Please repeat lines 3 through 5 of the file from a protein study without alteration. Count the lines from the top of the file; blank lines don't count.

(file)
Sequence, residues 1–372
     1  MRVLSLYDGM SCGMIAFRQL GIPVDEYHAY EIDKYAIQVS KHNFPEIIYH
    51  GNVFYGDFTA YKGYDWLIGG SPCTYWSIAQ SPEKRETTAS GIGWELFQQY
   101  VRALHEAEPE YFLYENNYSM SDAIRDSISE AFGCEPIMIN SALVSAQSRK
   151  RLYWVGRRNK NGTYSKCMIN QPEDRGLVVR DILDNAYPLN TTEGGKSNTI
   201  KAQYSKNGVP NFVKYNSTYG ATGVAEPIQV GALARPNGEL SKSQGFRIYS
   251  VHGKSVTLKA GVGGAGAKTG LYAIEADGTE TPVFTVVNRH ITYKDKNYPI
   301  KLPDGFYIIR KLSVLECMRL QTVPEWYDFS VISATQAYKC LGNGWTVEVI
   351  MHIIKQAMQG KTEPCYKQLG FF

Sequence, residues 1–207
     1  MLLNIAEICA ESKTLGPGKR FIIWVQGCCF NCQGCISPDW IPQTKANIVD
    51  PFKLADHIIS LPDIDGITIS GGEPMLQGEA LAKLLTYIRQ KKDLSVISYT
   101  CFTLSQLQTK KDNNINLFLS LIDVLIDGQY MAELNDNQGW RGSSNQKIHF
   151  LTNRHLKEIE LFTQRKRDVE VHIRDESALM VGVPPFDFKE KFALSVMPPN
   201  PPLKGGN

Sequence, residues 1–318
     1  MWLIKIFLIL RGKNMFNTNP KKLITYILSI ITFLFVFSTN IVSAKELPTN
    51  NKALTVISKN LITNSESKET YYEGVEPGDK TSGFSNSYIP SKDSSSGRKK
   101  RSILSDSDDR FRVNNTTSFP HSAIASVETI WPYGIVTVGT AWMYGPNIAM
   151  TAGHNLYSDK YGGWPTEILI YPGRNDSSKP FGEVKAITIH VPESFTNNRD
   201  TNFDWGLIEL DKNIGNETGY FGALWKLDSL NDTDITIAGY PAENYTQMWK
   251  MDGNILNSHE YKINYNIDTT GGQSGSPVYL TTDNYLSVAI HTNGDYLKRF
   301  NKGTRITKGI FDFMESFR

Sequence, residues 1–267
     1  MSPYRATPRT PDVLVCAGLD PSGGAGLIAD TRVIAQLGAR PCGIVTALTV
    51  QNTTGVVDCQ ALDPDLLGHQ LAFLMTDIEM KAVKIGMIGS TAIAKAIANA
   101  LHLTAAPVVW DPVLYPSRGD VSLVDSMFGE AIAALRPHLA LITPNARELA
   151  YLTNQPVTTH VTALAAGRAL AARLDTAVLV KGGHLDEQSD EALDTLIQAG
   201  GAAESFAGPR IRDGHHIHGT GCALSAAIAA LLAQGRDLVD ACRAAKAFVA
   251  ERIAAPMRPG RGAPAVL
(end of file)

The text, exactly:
    51  GNVFYGDFTA YKGYDWLIGG SPCTYWSIAQ SPEKRETTAS GIGWELFQQY
   101  VRALHEAEPE YFLYENNYSM SDAIRDSISE AFGCEPIMIN SALVSAQSRK
   151  RLYWVGRRNK NGTYSKCMIN QPEDRGLVVR DILDNAYPLN TTEGGKSNTI